Enabling Addicts and the Dangers of Doing So

Accepting addictions

It can be incredibly difficult to watch someone in your life suffer from a substance addiction. You want to help them any way you can, but figuring out the best way to do so is not always easy. In addition, it can be tough to initiate a conversation about finding help.

It’s not uncommon to accidentally enable an addict while trying to help them. Here are a few common behaviors that may seem harmless at first but actually enable the addict:

Lying or “covering” for them – You might want to protect the person’s pride. When friends or family members ask why he or she seems to be acting differently or has missed a few recent gatherings, you may make excuses for their behavior or absence.

Indulging alongside them – Perhaps your loved one drinks a bit less if you’re around. Maybe you tag along on a night out so you can keep an eye out for them.

Lending them money – It’s not uncommon for addicts to prioritize getting their fix over being able to pay for things like groceries or rent. Perhaps you’ve lent money to him or her a couple of times so their landlord won’t come after them.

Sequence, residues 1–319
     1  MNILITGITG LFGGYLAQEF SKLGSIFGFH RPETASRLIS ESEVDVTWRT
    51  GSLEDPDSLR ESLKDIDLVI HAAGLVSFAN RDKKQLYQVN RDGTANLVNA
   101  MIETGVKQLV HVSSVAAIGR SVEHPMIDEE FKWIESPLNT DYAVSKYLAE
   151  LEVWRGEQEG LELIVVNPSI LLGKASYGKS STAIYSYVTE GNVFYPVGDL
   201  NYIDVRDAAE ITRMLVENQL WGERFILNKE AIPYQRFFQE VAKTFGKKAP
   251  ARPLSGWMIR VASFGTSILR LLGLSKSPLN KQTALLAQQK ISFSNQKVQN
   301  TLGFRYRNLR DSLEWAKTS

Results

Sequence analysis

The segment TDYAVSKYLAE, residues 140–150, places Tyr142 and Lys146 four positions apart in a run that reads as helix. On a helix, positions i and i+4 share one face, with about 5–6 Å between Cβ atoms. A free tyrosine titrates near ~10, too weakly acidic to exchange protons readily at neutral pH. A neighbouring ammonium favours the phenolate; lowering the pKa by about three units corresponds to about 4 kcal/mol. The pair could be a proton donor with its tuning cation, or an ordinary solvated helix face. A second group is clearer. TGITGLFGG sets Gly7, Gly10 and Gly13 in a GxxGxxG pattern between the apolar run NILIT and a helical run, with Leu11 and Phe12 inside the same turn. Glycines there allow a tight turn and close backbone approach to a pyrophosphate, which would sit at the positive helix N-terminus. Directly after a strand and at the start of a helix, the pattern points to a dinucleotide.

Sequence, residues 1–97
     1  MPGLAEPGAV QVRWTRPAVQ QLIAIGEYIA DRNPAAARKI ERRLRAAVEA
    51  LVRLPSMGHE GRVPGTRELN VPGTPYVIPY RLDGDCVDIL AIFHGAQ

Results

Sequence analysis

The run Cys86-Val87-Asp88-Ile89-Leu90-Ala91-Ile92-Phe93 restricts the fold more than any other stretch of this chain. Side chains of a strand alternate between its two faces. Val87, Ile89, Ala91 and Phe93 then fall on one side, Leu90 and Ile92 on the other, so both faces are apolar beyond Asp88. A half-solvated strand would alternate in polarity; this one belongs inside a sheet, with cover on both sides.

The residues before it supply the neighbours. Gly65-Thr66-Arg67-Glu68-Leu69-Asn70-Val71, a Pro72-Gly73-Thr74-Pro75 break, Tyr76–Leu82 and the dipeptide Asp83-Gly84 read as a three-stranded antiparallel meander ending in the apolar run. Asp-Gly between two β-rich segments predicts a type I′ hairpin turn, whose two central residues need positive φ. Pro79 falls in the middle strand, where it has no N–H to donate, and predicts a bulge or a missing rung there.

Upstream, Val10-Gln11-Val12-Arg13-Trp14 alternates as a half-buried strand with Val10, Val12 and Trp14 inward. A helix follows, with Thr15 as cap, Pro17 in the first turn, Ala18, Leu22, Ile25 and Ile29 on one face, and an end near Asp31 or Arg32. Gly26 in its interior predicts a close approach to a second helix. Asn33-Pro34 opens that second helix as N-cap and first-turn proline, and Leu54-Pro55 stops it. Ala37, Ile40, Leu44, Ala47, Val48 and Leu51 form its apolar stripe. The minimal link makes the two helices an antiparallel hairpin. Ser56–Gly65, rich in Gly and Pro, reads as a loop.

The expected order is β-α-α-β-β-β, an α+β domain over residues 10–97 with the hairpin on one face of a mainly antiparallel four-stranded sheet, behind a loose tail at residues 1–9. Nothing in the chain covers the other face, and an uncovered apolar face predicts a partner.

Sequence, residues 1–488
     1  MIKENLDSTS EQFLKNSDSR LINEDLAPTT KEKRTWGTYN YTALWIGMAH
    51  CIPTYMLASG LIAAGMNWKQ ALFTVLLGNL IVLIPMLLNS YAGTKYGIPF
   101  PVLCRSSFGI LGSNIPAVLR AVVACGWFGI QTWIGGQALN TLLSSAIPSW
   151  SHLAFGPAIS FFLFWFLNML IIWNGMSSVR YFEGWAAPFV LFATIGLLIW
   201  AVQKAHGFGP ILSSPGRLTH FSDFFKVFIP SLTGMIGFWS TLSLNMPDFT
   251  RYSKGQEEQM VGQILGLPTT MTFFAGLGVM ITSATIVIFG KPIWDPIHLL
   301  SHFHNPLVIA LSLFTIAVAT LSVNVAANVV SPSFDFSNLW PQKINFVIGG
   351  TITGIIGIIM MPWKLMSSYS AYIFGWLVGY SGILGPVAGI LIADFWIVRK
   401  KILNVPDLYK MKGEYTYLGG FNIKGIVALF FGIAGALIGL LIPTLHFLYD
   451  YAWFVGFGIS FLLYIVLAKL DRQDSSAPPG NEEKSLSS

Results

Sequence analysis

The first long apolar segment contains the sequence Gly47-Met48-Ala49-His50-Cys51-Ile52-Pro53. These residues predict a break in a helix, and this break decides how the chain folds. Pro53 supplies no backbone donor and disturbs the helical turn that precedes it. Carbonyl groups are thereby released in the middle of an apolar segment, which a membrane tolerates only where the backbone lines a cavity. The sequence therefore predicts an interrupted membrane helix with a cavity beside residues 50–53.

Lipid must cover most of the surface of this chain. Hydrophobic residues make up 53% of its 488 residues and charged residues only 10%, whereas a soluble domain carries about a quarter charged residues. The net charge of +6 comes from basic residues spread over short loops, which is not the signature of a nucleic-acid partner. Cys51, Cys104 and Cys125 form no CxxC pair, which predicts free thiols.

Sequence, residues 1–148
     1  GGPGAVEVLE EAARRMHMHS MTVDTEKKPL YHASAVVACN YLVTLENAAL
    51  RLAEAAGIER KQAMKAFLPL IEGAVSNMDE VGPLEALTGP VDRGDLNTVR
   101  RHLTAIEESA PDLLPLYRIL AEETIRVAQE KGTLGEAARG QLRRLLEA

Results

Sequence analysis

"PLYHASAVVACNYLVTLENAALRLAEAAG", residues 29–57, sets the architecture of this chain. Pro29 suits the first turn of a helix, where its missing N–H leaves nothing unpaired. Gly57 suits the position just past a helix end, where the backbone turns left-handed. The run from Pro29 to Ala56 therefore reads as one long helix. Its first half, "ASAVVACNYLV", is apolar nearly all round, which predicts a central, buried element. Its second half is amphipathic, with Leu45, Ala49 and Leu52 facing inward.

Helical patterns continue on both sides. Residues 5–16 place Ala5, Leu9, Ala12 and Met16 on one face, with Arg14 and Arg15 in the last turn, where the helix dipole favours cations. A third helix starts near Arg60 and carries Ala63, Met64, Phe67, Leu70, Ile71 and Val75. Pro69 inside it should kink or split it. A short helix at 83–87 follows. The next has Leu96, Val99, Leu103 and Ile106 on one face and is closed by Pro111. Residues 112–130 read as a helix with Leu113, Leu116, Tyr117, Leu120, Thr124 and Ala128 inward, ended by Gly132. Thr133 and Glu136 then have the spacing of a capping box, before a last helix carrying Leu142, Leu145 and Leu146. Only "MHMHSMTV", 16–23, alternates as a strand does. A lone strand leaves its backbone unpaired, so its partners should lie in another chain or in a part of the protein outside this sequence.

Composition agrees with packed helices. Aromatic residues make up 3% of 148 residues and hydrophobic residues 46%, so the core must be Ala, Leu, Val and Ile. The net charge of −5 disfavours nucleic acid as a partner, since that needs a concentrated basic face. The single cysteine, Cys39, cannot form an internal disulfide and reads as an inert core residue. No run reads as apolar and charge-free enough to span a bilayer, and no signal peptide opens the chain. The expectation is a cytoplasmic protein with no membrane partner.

Ignoring their negative behavior – It’s natural to want to give your loved one the benefit of the doubt. Maybe you’re trying to believe that ignorance is bliss, and if you stop paying attention to it, you can make it go away.

Why It’s Dangerous to Enable Your Loved One’s Addiction

Even though you may be acting with the best of intentions, these actions signal to your loved one that what he or she is doing is okay. They may assume that you have no problem with their substance use, or that you’ll always be willing to cover for them when they need it.

Their behavior may worsen if you aren’t holding them accountable. Addiction is a slippery slope, and the consequences of allowing it to go on could be deadly.

Establishing firm boundaries with this person is important for salvaging your relationship, protecting your own mental health, and encouraging them to get help.

Lifelong recovery is possible for every addict, your loved one included. The first step to helping them get better is letting them know that you don’t support their addiction and that you’re there for them, but you’re only willing to help them in ways that will help them recover.

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